while "ながら" is a word used in speaking, ”つつ" is used in writing. if you know some other similar situations regarding other words listed on JGram, please post this kind of explanation, won't you.
ながら is used in both in speaking and in writing.
ながら can only be used when the subject of the two actions is the same; use Vte-iru aida if there are two different people doing two things at the same time. Also, the action expressed by Vm nagara is always secondary to the action expressed in the main clause.
Pls see also つつ
On a minor note, in Japanese '二人' this, that and the other is common usage while in English 'the pair' would generally sound odd - and 'They' be used in its place.
Formed from Verb -masu base + nagara. Vm = Verb -masu base
The third example is an abstract taken from the Jap newspaper.......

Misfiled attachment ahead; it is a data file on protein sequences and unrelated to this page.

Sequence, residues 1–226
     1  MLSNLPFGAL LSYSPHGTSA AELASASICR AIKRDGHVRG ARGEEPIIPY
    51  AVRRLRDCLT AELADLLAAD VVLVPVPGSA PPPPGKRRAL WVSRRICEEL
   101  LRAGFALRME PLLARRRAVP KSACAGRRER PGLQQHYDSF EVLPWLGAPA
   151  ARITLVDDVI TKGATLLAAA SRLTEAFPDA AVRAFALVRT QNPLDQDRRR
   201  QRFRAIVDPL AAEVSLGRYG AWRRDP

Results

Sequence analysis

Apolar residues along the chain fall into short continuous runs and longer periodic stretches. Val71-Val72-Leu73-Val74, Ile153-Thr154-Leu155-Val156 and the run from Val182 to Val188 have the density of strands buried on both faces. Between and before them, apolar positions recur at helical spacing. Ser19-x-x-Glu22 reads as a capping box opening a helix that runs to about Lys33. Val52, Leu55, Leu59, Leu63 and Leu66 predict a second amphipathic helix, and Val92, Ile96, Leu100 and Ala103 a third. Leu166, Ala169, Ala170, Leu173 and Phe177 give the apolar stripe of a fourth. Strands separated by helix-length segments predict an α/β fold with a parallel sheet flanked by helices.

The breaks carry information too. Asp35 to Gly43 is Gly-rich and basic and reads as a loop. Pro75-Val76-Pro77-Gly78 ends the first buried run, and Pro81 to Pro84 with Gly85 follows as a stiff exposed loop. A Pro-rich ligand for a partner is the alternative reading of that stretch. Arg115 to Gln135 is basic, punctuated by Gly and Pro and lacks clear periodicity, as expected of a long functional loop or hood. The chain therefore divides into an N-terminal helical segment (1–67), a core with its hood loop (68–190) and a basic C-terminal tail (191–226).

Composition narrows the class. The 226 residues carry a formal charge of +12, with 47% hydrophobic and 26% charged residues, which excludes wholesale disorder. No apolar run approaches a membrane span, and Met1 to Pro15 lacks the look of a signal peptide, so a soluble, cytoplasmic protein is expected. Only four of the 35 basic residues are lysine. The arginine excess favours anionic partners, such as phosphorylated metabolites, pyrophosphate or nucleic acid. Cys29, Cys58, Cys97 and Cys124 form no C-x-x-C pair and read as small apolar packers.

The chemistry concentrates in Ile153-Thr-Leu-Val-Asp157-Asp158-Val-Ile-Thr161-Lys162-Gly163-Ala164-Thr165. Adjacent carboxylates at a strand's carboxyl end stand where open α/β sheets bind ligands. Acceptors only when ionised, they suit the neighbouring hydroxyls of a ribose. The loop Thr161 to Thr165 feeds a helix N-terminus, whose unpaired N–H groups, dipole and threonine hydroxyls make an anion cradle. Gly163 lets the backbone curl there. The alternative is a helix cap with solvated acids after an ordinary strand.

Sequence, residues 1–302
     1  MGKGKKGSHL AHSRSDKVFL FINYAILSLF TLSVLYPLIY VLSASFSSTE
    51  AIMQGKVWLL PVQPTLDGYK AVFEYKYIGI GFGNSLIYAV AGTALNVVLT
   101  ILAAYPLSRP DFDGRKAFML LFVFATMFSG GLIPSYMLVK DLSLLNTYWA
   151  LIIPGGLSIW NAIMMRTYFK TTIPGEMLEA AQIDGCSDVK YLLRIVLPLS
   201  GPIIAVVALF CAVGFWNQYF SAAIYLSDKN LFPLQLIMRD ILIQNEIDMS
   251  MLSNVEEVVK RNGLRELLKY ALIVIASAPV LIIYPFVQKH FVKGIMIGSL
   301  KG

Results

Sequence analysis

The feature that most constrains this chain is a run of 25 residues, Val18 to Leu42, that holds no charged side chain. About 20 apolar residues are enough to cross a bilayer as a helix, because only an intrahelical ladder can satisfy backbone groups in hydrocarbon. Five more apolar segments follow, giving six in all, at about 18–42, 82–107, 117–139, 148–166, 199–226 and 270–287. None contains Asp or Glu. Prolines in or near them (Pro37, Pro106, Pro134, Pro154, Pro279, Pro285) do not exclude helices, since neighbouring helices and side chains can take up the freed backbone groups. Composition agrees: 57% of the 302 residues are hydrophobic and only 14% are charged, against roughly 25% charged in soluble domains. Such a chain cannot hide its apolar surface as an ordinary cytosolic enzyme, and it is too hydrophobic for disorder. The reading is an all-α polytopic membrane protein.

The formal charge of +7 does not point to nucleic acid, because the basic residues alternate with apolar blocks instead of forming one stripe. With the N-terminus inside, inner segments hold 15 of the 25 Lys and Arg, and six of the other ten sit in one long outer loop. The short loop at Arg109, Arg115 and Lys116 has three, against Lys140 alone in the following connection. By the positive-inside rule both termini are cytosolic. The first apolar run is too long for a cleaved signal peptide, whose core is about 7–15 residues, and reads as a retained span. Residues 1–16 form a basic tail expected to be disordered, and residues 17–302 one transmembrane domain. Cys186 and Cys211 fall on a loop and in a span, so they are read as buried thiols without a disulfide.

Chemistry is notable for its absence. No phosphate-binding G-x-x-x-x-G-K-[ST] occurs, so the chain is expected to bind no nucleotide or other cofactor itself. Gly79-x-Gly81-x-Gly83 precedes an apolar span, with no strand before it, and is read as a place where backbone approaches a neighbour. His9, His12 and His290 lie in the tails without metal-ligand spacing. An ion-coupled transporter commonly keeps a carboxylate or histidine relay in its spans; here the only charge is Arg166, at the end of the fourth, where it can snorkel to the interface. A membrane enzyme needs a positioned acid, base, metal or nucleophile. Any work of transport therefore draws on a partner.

Should not ｰ?ﾟ､ﾄ_､ﾄ_､ｱ､ﾆ､､､ｿ｡｡be changed to ｰ?ﾟ_､ﾅ_､ｱ､ﾆ､､､ｿ｡ｩ
Ooops, sorry.. Should not "nomitsu_tsu_kete ita" be changed to "nomitsu_zu_kete ita"? (Please delete the above mojibake)
I might be repeating it but..nice and short from my handbook: Vconj + ながら "while doing~" Vconj + nagara expresses simultaneous actions performed by one subject. From my mouth: Of the two verbs in a sentence, -nagara is added to the one in which you'd in English use -ing. *Vconj = Verb, conjunctive-form. Conjunctive form is the 2nd base (or as I always think it, the 'i' base) in the japanese syllabary chart. The base you use in -masu, -nasai, -sou da, -tai/tagara etc. (Can you tell I dislike the name 'masu-base'? :D)
ex #5814 had the incorrect form 性狽ｪいい。 Corrected this to a possible 性能がいい。